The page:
“’Come in, do what you're good at, we'll figure it out.’ Explaining that it's almost part of our DNA that you can come here and create the job you want and you almost need to be that kind of person to probably work at Barker. Now we're attracting those millennials who really are demanding that. They're having a hard time getting what they need at a lot of agencies but ours, we're like, ‘Fine. Make up your own title.’ As long as it's useful of value to our clients, the agency and works, great," she said, adding that they hold an intern to the standard of as an associate creative director. “I almost have a list of what you need to be a Barkeree. Recruiters call them unicorns.”
The proof is in the work
Being independent for Barker means working differently, and more nimbly, than most agencies. They constantly push the limits of what is expected from a creative and a consulting front, and that certainly makes up the Barker way of working, which clients are now expecting.
The kind of clients coming to Barker aren’t looking to merely tag a 1% or 2% growth onto a mature brand, they're looking for something revolutionary.
“I literally have trained myself to look at a presentation and say, ‘Is there that moment where that's why they hired Barker?’ Even eight years later I have to remind myself to always make sure we're doing that,” stated Harari.
One of the things that Barker does for a majority of its clients is called rapid prototyping. It comes from the belief that you can sell a bad idea on PowerPoint but in execution it can look like crap.
“Once we've done our research and once we've arrived at a strategic agreement, we don't drag it out. At that point we say, ‘You know what? Let's bring some magic to this. Let's bring some rapid prototyping around three or four of these different directions rather than trying to get it approved in quant research or asking people questions that they can't possibly answer honestly because they don't know what it will be. MTV failed in focus groups. Why would I want to watch a record? The rapid prototyping piece also moves us down field so much faster,” said Barker.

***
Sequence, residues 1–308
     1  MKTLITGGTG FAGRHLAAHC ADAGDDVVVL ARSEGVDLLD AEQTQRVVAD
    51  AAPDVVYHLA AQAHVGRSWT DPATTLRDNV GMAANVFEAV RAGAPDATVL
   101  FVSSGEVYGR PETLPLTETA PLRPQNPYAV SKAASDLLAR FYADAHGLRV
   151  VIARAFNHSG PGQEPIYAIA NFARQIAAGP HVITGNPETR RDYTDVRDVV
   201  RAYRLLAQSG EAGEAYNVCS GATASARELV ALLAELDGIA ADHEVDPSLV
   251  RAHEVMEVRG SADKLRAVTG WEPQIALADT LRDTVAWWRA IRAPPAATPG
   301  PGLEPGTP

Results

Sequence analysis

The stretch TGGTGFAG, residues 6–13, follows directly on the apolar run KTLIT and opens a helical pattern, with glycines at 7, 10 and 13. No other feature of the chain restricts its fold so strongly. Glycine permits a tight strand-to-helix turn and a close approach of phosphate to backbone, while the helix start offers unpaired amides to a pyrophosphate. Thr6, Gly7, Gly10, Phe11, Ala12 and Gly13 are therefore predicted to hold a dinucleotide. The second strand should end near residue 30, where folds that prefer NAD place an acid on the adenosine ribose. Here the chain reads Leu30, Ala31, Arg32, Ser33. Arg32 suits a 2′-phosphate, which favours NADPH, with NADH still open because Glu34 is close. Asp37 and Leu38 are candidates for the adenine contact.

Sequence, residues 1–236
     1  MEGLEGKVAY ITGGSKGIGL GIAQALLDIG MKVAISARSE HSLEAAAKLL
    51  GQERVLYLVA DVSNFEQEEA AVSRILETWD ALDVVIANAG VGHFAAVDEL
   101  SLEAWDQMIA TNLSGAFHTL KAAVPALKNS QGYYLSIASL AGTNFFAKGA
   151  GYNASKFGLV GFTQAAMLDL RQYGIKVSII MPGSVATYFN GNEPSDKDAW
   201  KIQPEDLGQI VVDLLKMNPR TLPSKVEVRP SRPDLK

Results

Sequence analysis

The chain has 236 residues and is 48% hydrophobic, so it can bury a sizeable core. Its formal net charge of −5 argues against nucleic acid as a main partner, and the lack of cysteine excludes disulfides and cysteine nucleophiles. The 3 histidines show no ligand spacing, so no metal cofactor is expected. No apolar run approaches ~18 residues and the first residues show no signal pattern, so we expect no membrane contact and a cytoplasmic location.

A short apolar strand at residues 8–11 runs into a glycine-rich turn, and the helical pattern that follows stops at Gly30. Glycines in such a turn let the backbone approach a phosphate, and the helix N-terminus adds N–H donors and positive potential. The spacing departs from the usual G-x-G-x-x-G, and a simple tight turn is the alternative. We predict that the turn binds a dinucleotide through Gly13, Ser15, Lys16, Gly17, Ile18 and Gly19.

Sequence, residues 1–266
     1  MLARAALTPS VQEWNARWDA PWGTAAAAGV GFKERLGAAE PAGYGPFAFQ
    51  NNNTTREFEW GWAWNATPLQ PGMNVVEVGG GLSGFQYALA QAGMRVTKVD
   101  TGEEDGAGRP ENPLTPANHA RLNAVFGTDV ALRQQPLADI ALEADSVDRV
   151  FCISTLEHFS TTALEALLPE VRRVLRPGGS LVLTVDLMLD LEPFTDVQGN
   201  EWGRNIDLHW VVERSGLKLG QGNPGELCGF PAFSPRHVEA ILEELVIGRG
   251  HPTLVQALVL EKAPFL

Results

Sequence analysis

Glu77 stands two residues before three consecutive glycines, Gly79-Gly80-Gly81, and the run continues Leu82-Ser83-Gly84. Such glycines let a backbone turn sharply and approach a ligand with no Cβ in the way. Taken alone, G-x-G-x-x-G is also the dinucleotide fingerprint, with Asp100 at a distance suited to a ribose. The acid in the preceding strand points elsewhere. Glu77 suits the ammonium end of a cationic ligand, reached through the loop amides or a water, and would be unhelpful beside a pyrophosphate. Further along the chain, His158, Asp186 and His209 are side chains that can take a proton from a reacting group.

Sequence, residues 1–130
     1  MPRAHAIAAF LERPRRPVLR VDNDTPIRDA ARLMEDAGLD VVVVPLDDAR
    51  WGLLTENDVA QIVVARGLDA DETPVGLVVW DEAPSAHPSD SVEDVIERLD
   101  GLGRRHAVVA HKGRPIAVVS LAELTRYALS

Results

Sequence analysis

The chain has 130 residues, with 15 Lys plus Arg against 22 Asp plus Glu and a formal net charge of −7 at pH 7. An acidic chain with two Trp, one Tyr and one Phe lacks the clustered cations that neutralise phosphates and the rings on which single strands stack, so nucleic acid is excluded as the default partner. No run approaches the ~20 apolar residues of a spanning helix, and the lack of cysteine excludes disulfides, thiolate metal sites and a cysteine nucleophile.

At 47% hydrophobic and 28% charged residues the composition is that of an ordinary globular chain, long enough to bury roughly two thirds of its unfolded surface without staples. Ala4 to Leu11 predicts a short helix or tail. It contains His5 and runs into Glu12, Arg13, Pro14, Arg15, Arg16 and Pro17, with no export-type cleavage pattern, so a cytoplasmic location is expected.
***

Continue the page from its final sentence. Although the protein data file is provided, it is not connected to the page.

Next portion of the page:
An example of award-winning creative Barker produced was for Parx Casino, north of Philadelphia.
Parx came to Barker with a growth challenge because they were a mature brand in that geography. They wanted a New York agency that really understood their region as they saw an opportunity to draw people down from New York.
“Because we're independent we were able to approach the assignment in a very holistic way. It came from a strategic insight that New Yorkers don't think of location in terms of distance. They think of location in terms of time…I don't tell people I live 23.2 miles from the city. I tell people without traffic it takes me an hour and 15 minutes.
“The idea was that every single piece of media was going to be hyper-local customization, giving you the exact travel time from that piece of media to the front door of the casino. We came up with the idea of 'Get lucky in no time. You're only 47 minutes from Parx Casino.' It was different in Manhattan than it was in Morristown than it was in Staten Island. In fact, we had sequential billboards in a lot of areas where you would see the time (getting shorter) as you're traveling down the turnpike,” said Barker.
The campaign received many accolades, including two 2013 American Gaming Association (AGA) Gaming Voice Awards.
Independent and growing
John Barker understands the need for agencies of all sizes and working styles, but Barker wants to stay true to its indie roots, even as it grows.
“Being independent means that we can take on the challenges that genuinely interest us and we're not beholden to a larger organization to hit quarterly numbers or be micromanaged,” said Barker. “The difference is profound. We still obviously have to abide by the rules of business. We have to pay our bills, we have to make some kind of margin, but we're free to take on passion projects, we're free to take on things that we know are going to keep our employees deeply engaged.”
Those employees are a big reason for Barker’s continued success, even with a small cast of 25, and with its strong push towards diversity and equality, everyone has a vested interest in making the team work and the company thrive.
“Our turnover numbers are a fraction of the industry norm. When somebody leaves here it's a big deal. It doesn't happen,” stated Barker.
Barker dares to be different in the biggest ad market in the US, and it’s not afraid to say so, whether it’s in award-winning creative for a client or in their own self-promotional ads.
“It's a promise to clients that they're not going to get really boring shit,” concluded Barker.
Independent Influence is supported by Choozle, an independent digital advertising platform.